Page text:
What a wonderful story. I’m glad that your day wasn’t wasted and turned out so well. The well known incarnation of London Bridge stands at Lake Havasu City, Arizona, so maybe you will get to see it one day. A couple of suggestions – don’t use travel agents, research and book things yourself – and walk the walk to the hotel on Google Street View before leaving home so you know what to expect.
The trip itself was for a group of 30 people from all over the world, included busses and such, so a travel agent really was quite important, in this case. I normally don’t use them, for this very reason. The ironic part is that she thought we were doing the add on days ourself and we thought she did them, as we had asked. And as for the map issue, my husband assured me that he knew the way. We just won’t discuss that anymore:))
For those researching families that came from or through the Palatinate due to religious persecution, I recommend the extensive genealogical files of the Huguenot Historical Society based in New Palz, New York. New Palz was established by French Huguenots who, in recognition of the country that gave them sanctuary, named the city after the Palatinate, Palz in German. I have to assume some of the early settlers were also German Palatines or married to one. A friend of mine visited the museum there many years ago and to his amazement discovered that his family pedigree had been already researched completely with books on each Huguenot family containing hundreds of listings. A helpful site to get started:
Dumb question, but where would be a good place to start, to look into whether any of my non-Amish, early Pennsylvania German ancestors had originally been part of that group of Palatines?
Great question. There is a series of books by Henry Z. Jones Jr called the Palatine Familes of NY Vol 1 and 2 and then a third called More Palatine Families. He has done an inordinate amount of work on these families and each person is detailed, as much as is known. I bought them on Amazon.
I always learn a lot form your blogs and this one was no exception. However, this one had the added delight of being a terrific travel log/blog! I enjoyed reading it and laughed more than once. Great job!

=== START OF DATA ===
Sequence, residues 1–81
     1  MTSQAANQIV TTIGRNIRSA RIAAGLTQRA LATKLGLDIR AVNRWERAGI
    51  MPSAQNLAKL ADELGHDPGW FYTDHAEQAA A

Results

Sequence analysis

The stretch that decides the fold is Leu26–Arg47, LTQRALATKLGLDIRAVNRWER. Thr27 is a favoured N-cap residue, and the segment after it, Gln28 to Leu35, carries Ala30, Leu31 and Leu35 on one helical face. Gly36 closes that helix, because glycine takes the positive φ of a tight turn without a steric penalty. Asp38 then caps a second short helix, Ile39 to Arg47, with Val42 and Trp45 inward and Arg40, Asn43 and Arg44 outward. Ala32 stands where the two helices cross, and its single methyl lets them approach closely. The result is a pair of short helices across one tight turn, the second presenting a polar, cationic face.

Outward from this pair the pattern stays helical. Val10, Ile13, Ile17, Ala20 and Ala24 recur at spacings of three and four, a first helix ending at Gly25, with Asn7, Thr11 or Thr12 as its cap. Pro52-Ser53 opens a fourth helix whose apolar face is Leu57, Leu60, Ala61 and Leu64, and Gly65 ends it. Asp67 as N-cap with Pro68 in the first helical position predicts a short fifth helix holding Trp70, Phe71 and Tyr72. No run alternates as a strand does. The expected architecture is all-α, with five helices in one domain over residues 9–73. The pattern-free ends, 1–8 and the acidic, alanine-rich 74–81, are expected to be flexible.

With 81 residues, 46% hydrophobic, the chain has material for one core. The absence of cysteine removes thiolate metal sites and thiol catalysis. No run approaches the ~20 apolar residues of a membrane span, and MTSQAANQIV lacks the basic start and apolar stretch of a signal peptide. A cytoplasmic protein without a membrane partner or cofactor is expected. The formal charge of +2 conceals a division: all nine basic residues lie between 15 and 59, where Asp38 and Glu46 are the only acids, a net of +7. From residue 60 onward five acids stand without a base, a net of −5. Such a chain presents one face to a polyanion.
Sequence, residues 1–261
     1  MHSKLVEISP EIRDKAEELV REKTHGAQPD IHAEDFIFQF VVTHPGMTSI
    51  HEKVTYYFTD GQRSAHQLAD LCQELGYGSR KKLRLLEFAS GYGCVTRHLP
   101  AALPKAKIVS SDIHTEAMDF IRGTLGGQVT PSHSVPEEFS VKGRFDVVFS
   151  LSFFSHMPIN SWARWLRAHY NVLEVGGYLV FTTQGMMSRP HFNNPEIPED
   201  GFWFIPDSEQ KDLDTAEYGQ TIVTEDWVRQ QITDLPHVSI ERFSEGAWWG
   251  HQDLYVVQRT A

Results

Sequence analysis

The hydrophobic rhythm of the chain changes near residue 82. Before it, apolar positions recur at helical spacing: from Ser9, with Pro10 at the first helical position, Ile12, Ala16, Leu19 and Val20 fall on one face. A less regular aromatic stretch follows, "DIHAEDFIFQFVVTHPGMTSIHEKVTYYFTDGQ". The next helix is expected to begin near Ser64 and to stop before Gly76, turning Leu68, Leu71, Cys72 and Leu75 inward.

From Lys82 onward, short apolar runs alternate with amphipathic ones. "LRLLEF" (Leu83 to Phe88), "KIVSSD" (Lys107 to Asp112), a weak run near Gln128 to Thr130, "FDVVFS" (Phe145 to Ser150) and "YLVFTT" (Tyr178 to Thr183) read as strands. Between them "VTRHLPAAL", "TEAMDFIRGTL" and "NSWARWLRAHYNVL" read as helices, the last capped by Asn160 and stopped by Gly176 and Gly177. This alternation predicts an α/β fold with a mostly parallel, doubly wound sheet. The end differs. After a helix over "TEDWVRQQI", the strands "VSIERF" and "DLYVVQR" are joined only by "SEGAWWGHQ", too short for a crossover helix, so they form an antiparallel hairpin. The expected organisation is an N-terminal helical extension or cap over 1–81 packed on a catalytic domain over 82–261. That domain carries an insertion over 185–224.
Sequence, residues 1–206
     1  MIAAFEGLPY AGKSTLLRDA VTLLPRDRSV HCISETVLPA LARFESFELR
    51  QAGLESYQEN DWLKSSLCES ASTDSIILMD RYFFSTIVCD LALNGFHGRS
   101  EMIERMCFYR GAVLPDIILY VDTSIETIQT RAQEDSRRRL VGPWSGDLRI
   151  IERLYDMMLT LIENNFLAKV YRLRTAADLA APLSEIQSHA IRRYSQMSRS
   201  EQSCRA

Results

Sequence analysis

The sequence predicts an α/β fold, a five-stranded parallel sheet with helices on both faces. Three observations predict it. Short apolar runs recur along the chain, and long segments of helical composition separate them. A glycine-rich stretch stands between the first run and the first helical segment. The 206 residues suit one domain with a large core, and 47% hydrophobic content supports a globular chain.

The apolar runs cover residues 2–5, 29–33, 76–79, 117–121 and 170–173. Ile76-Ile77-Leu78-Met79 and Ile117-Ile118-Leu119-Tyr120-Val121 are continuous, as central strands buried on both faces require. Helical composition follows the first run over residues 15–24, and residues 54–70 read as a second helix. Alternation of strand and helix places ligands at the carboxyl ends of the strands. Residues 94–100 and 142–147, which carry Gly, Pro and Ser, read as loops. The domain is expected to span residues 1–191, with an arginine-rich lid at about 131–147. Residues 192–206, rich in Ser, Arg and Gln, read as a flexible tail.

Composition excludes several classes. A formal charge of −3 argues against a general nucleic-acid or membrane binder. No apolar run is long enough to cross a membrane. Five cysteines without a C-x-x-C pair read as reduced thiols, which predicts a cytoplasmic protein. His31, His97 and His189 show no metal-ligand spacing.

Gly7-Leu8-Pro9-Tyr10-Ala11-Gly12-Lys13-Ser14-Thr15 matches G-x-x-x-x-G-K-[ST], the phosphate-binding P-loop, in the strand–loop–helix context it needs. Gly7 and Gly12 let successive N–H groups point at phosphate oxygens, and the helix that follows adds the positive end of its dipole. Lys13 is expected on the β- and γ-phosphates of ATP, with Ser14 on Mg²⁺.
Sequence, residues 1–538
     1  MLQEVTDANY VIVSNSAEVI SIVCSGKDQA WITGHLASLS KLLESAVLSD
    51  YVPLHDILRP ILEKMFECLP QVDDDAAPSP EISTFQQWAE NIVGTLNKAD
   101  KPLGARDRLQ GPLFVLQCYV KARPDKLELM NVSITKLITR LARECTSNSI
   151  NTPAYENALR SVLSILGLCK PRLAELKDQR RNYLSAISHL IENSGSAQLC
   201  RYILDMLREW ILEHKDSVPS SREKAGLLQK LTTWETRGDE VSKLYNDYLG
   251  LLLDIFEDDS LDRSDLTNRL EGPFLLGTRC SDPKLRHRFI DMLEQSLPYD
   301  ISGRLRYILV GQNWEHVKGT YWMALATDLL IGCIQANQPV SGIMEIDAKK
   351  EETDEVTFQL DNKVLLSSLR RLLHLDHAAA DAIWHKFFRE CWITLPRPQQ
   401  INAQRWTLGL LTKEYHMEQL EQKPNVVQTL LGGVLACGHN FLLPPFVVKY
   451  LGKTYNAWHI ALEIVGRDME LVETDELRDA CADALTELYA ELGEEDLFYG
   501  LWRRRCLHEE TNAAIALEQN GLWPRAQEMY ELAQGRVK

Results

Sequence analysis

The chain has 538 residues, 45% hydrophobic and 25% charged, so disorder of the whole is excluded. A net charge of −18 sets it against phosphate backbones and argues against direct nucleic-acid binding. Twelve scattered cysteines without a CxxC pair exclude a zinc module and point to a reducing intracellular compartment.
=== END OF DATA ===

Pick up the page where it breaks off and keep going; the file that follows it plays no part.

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I read and laughed too. You should write a little book about all your experiences and the things you are finding out about people in general. What a patchwork quilt we make, don’t we. Wonderful story about Said and his father the little “bumble bee”.
Roberta, I really enjoy reading your blog. You DNA articles are so informative. I also have German Palantine ancestors and your article on their stay in London was another interesting story I didn’t know about these people. Thanks!
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I sm a descendant of Jacob Kobel’s brother who came to Pennsylvania with his wife and kids in 1733. His sons later came to North Carolina. Somone has started a DNA project at family tree DNA. So far there’s two people in it, I think a 3rd is pending. Check it out here. http://www.familytreedna.com/group-join.aspx?Group=Kobel-Coble I am the one with 67 markers tested.
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Thank you for this wonderful story. I am a direct descendant of Georg Dachstatter who was one of the Poor Palatines that came to New York between 1709 and 1710. If I ever get to London (it’s on the bucket list) I will most definitely be checking out St. Katherine’s.
I am also a descendent of the Palatine Germans – Johannes and Anna Magdalena Zeh. Magdalena was the famous leader of a group of women who ran the sheriff out of town in Scholarie. It looks like she was later arrested. So one of my first ancestors in America has an arrest history! When we visit London I am going to make sure I go to that area to stand where they first handed in England. I have already been to Germany to Oppenheim. After that will be Governor’s Island and then Scholarie.
Wonderful story. Very American.